By Luis G. Dato
Shouting in the sky-walled air.
The rig-driver’s voice is husky and his throat is hoarse with yelling and shouting in the sky walled-air.
He jerks the flesh-cutting reins and he dangles the sharp, blood-dripping lash.
The horse is hungry.
The legs are not sure of their footing as the animal heavily gasps for breath,
It’s blood kept warm by the cutting reins and whistling lash of the master with the harsh, angry voice,
It’s legs propelled by the smell of sweat and blood and distant bundles of grass,
By the ceaseless urge of the cracking wheels behind,By the patter of hoofs on the pavement and the hollow, unmusical echoes.
The animal thinks of the sharp-toned man of the lash and the reins that cut as sharply,
Of the unbreathing monsters of steel that brush past him without effort,
Of the frail-footed man whom his master slavishly obeys and the round, silver pieces that pass from hand to hand,
Of the bundled zacate that smells in the distance.
The rig-man’s musing are far from his laboring horse.
He thinks of his waiting wife and counts I his mind the fare he will empty on her lap.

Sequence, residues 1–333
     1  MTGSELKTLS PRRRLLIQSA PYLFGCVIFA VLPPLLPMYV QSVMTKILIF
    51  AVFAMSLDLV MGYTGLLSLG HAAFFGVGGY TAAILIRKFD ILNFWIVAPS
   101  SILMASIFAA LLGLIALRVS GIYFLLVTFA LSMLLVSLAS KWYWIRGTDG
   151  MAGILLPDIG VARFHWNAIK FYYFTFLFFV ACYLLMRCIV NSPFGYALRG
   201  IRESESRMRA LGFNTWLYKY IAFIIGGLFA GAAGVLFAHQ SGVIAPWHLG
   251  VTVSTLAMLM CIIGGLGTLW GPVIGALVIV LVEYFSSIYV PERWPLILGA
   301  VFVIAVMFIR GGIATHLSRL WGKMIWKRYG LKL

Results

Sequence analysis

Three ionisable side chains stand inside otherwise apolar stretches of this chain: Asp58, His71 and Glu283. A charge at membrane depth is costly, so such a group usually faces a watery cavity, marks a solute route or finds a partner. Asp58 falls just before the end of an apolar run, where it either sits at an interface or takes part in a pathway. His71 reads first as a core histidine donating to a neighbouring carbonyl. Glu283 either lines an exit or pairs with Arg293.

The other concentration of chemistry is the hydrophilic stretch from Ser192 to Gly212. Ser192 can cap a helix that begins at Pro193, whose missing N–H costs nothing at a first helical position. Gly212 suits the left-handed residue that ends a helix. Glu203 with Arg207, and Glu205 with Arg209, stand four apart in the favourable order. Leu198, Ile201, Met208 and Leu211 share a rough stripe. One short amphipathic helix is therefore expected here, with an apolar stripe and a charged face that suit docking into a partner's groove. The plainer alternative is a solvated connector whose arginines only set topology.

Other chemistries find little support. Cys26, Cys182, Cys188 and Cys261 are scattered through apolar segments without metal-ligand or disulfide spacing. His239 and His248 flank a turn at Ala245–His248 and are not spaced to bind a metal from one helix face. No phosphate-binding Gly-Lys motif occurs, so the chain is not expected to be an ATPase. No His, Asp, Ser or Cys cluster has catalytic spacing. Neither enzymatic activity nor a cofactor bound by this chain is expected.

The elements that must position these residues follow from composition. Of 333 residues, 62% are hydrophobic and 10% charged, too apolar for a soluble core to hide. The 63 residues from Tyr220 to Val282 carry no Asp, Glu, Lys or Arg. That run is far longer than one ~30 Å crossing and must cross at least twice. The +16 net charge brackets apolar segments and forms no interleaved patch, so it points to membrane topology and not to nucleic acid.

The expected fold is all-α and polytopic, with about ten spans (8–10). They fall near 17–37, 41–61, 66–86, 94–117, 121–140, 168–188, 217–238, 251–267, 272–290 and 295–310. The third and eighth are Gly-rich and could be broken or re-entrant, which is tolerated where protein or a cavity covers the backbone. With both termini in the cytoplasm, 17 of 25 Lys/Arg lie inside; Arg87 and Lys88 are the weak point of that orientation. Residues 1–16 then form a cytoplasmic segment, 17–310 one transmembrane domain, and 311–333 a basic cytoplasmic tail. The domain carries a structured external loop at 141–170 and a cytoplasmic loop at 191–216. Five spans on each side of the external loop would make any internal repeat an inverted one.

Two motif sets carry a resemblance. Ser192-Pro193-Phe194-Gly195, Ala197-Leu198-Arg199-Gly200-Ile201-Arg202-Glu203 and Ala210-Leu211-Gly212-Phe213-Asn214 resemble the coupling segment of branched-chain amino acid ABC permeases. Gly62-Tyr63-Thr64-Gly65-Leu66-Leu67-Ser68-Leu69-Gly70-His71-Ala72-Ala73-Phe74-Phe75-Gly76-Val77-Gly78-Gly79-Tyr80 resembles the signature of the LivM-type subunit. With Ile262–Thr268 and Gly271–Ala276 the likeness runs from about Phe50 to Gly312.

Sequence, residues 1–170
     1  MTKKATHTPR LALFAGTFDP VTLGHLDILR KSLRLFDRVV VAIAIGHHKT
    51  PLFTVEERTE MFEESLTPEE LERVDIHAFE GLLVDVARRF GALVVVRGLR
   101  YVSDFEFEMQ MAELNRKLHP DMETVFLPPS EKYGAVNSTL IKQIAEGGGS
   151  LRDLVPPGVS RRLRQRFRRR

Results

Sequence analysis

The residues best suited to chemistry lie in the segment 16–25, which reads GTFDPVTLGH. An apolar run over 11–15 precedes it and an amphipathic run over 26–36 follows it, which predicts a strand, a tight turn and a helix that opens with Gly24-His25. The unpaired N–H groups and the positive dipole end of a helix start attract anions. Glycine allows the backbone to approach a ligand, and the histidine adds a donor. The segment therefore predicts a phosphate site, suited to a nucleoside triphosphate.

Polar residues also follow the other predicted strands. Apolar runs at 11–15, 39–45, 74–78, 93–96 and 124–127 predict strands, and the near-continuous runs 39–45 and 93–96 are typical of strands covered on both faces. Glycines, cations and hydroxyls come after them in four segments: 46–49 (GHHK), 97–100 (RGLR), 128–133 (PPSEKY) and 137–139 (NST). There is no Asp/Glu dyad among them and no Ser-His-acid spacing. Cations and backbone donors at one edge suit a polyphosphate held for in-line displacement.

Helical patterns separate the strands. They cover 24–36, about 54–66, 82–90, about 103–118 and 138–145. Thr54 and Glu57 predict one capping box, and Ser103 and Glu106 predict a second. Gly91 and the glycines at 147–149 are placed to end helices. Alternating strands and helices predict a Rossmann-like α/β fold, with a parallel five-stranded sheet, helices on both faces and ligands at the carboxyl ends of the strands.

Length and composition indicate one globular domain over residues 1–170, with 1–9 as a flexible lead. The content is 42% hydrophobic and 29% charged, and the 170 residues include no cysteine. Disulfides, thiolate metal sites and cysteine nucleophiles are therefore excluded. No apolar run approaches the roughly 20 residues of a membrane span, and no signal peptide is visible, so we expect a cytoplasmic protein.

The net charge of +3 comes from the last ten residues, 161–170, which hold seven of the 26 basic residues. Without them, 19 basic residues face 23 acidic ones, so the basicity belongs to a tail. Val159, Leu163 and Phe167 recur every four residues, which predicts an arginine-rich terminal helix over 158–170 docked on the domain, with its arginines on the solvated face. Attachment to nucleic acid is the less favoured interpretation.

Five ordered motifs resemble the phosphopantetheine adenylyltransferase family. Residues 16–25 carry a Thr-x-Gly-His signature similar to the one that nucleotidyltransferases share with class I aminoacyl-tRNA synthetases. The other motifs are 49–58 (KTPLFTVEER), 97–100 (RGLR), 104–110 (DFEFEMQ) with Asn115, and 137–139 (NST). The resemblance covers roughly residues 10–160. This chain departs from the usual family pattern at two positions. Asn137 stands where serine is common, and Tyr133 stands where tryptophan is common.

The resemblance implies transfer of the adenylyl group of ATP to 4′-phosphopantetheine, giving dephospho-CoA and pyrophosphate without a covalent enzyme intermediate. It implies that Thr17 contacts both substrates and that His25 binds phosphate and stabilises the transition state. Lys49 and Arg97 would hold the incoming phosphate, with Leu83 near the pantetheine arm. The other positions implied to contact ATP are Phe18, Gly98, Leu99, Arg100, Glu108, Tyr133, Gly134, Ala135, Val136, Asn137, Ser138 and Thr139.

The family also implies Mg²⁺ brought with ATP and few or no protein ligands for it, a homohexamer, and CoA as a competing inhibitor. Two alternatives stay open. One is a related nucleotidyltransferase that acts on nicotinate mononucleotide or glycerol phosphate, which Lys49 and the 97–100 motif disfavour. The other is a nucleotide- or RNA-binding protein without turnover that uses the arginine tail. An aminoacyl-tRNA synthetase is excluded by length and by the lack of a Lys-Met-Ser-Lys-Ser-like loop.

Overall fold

He thinks of the swift-coursing car which riders prefer to his clumsy,
Creaking, two-wheeled rig.
He swings the lash to dispel thoughts of baffles, defeated toil,
And to quicken his slackening horse.
In the rig, a young man stares at the vacant space beside him which in former days was not so.
Pretty red lips parted with the laughter and wine of kisses,
A warm, soft body pressed close against his own,
The perfume of her that sent the blood running in savage tumult through his veins.
Creaking the wheels,
Patter of hoofs on the pavement,Echoes,
Whistling and hissing of the reins and the lash,
The young man’s dreams are brushed cruelly aside,
And he sends a sigh to the sky-walled air at the grim, heartless world of fact.